The Facts

How common is iron deficiency in pregnancy and what are the risks?

Prevalence

Iron deficiency (ID) and iron deficiency anemia (IDA) during pregnancy are highly prevalent in both developed and developing countries.

The World Health Organization (WHO) estimates that 25% of pregnant women in industrialized countries will develop IDA, with a much higher proportion of women being iron deficient without anemia.

At St. Michael’s Hospital, we retrospectively assessed ferritin levels in all pregnant women between January 1, 2017 and December 31, 2017. We found that 90% women were iron deficient in pregnancy.

This is not surprising as the iron demands in pregnancy are at an all time high. It takes over 1 gram of iron to make a baby, the placenta, and to expand maternal blood volume. One gram of iron is equivalent to 177 large steaks!.

BOTTOM LINE: ID in pregnancy is a pandemic.

 

McMahon, LP.  Iron deficiency in pregnancy.  Obstet Med. 2010; 3(1): 17-24.

Worldwide prevalence of anaemia 1993–2005.WHO Global Database on Anaemia. Geneva: World Health Organization; de Benoist B, McLean E, Egli I, Cogswell [http://whqlibdoc.who.int/publications/2008/9789241596657_eng.df].

Risks to mother

  • Cardiovascular/respiratory symptoms of anemia
  • Preterm labour
  • Blood transfusion with associated risk of alloimmunization and other transfusion reactions
  • Post-partum depression
  • Lower concentration affecting IQ
  • Diminished quality of life
  • Death

Anemia during pregnancy must be taken seriously. In fact, a recent international study of 312, 281 women showed that the odds of maternal death were twice as high (adjusted OR 2.36 {95% CI 1.60-3.48}) in those with severe anemia (hemoglobin less than 70g/L) compared with those without severe anemia.

 

Risks to baby

  • Preterm delivery
  • Low birth weight
  • Need for neonatal intensive care unit admission
  • Delayed neurodevelopment
  • Poorer future academic performance into the early childhood years

BOTTOM LINE: There are multiple risks associated with iron deficiency anemia in pregnancy. The IRON MOM is a patient-centred application that counsels patients about the risks. Remind them to download it.

Achebe MM, Gafter-Gvili A. How I treat anemia in pregnancy: iron, cobalamin, and folate. Blood. 2017 Feb;129(8):940–9.

Barroso F, Allard S, Kahan BC, Connolly C, Smethurst H, Choo L, et al. Prevalence of maternal anaemia and its predictors: A multi-centre study. Eur J Obstet Gynecol Reprod Biol. 2011;159(1):99–105.

Allen LH. Anemia and iron deficiency: Effects on pregnancy outcome. Am J Clin Nutr. 2000;71(5 SUPPL.):1280–4.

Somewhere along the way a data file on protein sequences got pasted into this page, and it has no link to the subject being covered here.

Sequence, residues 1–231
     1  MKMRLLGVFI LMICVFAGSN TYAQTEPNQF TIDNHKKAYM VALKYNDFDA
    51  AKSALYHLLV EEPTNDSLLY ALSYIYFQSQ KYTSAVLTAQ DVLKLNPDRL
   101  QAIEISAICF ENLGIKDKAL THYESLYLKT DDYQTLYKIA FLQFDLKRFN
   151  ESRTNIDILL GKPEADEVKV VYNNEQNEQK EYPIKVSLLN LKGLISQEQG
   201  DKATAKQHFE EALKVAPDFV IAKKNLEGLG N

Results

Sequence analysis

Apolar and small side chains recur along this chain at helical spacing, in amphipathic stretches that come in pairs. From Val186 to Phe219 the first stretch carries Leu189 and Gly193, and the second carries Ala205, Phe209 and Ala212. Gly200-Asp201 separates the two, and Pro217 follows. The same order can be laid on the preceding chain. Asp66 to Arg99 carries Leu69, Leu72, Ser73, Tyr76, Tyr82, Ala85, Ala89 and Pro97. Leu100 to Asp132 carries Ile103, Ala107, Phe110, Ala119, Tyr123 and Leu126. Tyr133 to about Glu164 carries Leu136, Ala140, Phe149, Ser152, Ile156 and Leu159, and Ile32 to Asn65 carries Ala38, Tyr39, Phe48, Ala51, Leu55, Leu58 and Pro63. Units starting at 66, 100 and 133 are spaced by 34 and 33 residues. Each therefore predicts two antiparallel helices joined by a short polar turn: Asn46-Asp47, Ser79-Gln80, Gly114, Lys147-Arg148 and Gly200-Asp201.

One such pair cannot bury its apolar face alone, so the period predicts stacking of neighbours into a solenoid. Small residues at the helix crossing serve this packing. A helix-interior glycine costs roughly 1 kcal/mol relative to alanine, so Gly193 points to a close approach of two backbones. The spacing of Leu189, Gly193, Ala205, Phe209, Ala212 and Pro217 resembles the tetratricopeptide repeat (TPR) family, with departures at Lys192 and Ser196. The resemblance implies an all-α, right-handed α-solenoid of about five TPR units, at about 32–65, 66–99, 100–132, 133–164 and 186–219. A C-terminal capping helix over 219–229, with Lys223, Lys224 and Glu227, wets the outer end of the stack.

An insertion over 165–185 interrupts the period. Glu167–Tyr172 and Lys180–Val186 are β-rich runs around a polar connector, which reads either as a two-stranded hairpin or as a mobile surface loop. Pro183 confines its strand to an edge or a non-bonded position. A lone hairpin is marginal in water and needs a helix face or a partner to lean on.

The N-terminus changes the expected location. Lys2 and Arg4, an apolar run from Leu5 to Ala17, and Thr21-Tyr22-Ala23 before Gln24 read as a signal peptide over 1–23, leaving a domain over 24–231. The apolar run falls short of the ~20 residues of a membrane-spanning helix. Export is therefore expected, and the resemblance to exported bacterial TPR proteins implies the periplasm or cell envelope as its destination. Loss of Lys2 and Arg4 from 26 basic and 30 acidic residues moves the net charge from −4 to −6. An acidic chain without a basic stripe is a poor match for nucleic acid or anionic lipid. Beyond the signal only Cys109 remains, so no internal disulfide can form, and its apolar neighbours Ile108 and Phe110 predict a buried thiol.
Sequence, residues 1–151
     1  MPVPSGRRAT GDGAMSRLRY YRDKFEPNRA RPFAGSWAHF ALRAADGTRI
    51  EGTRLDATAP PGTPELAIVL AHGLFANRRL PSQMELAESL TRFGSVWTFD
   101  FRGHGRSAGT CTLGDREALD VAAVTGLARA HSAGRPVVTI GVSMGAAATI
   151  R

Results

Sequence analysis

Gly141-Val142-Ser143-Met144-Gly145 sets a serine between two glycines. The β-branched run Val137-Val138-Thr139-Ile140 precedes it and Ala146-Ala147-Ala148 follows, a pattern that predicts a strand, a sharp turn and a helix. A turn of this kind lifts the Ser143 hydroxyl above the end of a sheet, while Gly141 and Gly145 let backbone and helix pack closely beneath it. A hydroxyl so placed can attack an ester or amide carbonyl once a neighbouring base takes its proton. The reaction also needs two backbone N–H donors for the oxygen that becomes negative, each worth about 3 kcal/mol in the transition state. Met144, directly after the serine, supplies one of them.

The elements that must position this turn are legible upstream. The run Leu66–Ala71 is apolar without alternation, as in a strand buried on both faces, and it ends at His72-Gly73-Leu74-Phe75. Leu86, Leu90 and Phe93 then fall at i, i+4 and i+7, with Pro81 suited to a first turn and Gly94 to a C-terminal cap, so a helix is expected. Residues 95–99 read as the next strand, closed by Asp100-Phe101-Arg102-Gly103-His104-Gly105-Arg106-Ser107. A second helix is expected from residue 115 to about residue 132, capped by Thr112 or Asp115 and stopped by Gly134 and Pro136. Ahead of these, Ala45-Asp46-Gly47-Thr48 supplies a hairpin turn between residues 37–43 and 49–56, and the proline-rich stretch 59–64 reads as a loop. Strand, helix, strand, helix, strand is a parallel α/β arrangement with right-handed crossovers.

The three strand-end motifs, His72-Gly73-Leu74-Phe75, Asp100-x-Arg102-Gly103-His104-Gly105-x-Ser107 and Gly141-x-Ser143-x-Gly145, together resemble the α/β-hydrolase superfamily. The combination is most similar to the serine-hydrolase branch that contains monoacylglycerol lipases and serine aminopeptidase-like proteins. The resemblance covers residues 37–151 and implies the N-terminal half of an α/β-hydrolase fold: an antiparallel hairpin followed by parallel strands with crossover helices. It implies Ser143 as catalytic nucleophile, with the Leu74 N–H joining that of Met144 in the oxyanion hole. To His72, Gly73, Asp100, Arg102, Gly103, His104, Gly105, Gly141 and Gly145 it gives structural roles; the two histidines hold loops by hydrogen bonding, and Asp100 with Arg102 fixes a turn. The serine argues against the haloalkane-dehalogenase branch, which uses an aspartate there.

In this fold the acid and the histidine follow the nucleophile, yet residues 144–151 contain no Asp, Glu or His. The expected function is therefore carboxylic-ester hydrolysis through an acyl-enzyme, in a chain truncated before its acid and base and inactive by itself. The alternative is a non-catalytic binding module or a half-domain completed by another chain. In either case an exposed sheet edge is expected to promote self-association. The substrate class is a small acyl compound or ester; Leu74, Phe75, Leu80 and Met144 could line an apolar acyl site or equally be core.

Beard JL, Hendricks MK, Perez EM, Murray-Kolb LE, Berg A, Vernon-Feagans L, et al. Maternal iron deficiency anemia affects postpartum emotions and cognition. J Nutr. 2005 Feb;135(2):267–72.

Corwin EJ, Murray-Kolb LE, Beard JL. Low hemoglobin level is a risk factor for postpartum depression. J Nutr. 2003. Dec;133(12):4139–42.

Milman N. Prepartum anaemia: Prevention and treatment. Ann Hematol. 2008;87(12):949–59.

Tunkyi K, Moodley J. (2017). Anemia and pregnancy outcomes: a longitudinal study. J Matern Fetal Neonatal Med. 11:1–5. doi: 10.1080/14767058.2017.1349746.

Chang, S., Zeng, L., Brouwer, I. D., Kok, F. J., & Yan, H. (2013). Effect of iron deficiency anemia in pregnancy on child mental development in rural China. Pediatrics, 131(3), e755-763. doi: 10.1542/peds.2011-3513.

Scholl, T. O. (2005). Iron status during pregnancy: setting the stage for mother and infant. Am J Clin Nutr, 81(5), 1218S-1222S.

Daru J, Zamora J, Fernández-Félix BM, Vogel J, Oladapo OT, Morisaki N, Tunçalp Ö, Torloni MR, Mittal S, Jayaratne K, Lumbiganon P. 

Risk of maternal mortality in women with severe anaemia during pregnancy and post partum: a multilevel analysis. The Lancet Global Health. 2018 May 1;6(5):e548-54.

Achebe MM, Gafter-Gvili A. How I treat anemia in pregnancy: iron, cobalamin, and folate. Blood. 2017 Feb;129(8):940–9.

Barroso F, Allard S, Kahan BC, Connolly C, Smethurst H, Choo L, et al. Prevalence of maternal anaemia and its predictors: A multi-centre study. Eur J Obstet Gynecol Reprod Biol. 2011;159(1):99–105.

Allen LH. Anemia and iron deficiency: Effects on pregnancy outcome. Am J Clin Nutr. 2000;71(5 SUPPL.):1280–4.

Ren A, Wang J, Ye RW, Li S, Liu JM, Li Z. Low first-trimester hemoglobin and low birth weight, preterm birth and small for gestational age newborns. Int J Gynaecol Obstet. 2007 Aug;98(2):124–8.

Tamura T, Goldenberg RL, Hou J, Johnston KE, Cliver SP, Ramey SL, et al. Cord serum ferritin concentrations and mental and psychomotor development of children at five years of age. 2002;165–70.

PenaRosas, Pablo J, DeRegil, Maria L, Gomez M, Heber, et al. Intermittent oral iron supplementation during pregnancy [Systematic Review]. Cochrane database Syst Rev [Internet]. 2015;(10).